Happy Friday bibliophiles! So pleased to be writing my first Friday Favorites post! Kibby started this tag at Something of the Book. It’s a fun way to celebrate the books you love on one of the best days of the week! This week is all about series openers. There’s really only one book that comes to mind when I think of truly stellar beginnings.
Click here for the Synopsis!
A queendom without an heir.
An ancient enemy awakens.
The House of Berethnet has ruled Inys for a thousand years. Still unwed, Queen Sabran the Ninth must conceive a daughter to protect her realm from destruction—but assassins are getting closer to her door.
Ead Duryan is an outsider at court. Though she has risen to the position of lady-in-waiting, she is loyal to a hidden society of mages. Ead keeps a watchful eye on Sabran, secretly protecting her with forbidden magic.
Across the dark sea, Tané has trained all her life to be a dragonrider, but is forced to make a choice that could see her life unravel.
Meanwhile, the divided East and West refuse to parley, and forces of chaos are rising from their sleep.
Strange the Dreamer has no shortage of fans, and I am certainly one of them. Personally, I am partial to book 1, there were some elements of the finale I didn’t love. I love this book for so many reasons, but I’ll just pick 3 today.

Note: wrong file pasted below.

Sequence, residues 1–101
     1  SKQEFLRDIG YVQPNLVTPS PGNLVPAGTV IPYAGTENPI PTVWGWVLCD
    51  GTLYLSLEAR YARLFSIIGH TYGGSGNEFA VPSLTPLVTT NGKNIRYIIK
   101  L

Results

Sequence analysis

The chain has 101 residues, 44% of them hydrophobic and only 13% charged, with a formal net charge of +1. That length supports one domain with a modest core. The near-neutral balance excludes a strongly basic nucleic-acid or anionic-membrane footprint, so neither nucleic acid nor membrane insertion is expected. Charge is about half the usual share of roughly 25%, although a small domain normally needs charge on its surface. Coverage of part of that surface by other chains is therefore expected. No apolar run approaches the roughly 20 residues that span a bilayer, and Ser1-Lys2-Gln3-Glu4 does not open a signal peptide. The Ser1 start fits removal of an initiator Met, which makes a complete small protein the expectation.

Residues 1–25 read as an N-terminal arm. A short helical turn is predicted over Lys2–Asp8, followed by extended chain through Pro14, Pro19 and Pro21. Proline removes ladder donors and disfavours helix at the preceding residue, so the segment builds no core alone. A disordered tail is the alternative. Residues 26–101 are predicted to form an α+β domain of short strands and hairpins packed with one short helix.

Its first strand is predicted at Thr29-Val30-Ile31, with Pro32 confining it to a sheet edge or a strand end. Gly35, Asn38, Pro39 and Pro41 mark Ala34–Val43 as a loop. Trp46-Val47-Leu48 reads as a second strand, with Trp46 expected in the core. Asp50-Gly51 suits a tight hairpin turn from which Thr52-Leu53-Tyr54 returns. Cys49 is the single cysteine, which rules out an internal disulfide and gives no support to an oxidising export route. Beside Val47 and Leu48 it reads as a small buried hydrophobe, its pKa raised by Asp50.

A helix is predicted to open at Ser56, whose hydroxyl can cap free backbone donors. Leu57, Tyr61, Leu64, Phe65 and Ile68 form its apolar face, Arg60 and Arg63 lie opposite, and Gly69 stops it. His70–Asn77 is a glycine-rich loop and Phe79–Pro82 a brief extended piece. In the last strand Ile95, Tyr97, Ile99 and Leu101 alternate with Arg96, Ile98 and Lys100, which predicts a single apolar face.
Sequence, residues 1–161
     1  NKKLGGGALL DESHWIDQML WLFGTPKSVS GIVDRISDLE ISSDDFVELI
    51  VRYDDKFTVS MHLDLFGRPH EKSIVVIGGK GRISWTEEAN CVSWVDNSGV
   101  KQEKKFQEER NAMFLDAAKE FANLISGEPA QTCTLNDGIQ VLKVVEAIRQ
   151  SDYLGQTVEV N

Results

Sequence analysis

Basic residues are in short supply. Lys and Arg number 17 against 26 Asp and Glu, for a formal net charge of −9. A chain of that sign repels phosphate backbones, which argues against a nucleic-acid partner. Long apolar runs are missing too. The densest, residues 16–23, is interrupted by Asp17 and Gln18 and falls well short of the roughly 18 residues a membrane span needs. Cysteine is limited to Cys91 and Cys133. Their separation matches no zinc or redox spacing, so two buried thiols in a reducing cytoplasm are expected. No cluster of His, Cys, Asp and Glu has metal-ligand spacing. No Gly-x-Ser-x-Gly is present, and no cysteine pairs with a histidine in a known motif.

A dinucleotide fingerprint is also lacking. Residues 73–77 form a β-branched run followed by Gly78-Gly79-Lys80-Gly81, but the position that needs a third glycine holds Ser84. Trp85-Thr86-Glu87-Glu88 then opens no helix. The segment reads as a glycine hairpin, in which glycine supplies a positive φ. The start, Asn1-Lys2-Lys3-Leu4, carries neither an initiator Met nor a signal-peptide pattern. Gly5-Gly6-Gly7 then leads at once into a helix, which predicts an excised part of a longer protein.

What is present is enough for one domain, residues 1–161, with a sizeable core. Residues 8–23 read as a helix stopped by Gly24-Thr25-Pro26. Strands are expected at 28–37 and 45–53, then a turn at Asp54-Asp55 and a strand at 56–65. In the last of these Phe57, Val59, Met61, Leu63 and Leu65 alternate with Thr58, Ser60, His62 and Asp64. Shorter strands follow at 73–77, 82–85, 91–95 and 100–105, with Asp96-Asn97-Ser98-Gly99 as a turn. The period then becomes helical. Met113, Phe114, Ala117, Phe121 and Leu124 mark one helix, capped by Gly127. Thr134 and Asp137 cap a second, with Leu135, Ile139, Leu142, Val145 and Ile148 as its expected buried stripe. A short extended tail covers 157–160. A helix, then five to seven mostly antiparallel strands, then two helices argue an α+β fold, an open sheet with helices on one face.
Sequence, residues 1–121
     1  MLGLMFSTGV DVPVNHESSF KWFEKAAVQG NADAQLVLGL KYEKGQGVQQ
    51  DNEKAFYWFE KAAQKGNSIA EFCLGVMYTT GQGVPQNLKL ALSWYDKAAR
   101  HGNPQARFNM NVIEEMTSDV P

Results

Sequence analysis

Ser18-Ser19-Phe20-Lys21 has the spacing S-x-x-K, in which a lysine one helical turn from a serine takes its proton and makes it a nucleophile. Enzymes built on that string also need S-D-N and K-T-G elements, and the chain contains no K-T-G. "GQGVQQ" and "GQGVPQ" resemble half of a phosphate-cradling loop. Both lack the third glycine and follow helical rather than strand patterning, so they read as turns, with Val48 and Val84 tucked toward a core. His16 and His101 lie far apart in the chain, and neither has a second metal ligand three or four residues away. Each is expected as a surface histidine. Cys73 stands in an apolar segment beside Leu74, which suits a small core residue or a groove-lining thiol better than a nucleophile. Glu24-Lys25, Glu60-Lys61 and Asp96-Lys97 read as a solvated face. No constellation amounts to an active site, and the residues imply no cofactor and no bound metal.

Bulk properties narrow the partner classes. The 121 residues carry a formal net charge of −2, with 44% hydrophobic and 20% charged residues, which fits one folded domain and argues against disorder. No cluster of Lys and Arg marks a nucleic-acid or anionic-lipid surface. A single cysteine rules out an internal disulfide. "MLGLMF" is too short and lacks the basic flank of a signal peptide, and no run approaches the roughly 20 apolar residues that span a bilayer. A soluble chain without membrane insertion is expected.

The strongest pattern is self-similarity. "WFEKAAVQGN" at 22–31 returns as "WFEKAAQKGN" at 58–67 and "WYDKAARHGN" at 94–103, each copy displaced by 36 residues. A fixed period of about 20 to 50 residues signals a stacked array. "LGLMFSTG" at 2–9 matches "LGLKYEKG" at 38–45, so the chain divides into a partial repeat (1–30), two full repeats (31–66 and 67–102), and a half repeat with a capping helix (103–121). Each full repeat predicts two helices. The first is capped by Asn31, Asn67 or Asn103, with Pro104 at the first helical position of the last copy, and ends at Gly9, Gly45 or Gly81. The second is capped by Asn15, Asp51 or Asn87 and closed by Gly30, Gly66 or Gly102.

Lazlo is one of the POV character in Strange the Dreamer and everything you need to know about him is summed up in one life experience. When working in a library, a large book of fantasy fell from a shelf and broke his nose. This snippet of his past conveys so much of who Lazlo is. It perfectly illustrates how skilled Laini Taylor is at deftly illustrating characters in the mind of her readers. Lazlo is not your everyday hero. His bravery comes in the form of intelligence, learning, and a genuine desire to find the truth. He’s perfectly suited to this story that doesn’t really have a villain.
The City of Weep
Weep plays such a crucial role in this book. The people, and especially the history of the city are given so much attention throughout the story. When you first see Weep, it’s not at its best, and it’s so interesting to see how the decline of Weep has affected its occupants. Again, because there’s no major antagonistic force in the book it’s so interesting to see how the characters deal with hardship.
Laini Taylor doesn’t shy away from attacking the relevant social issues of the time. In Strange the Dreamer she focuses a great deal on xenophobia, and racism. If you have to find a villain in the book, this is it. The tendency for people to fear the unknown, or demonize the unknown creates a lot of the problems in the book. I felt that this was another beautifully written aspect of the novel. It wasn’t ham fisted, and it wasn’t overbearing.
If you haven’t already gotten to Strange the Dreamer, I highly recommend it. The series is completed now, so you don’t have to wait between books like I did! Is Strange one of your favorites? Let me know in the comments! Enjoy the weekend!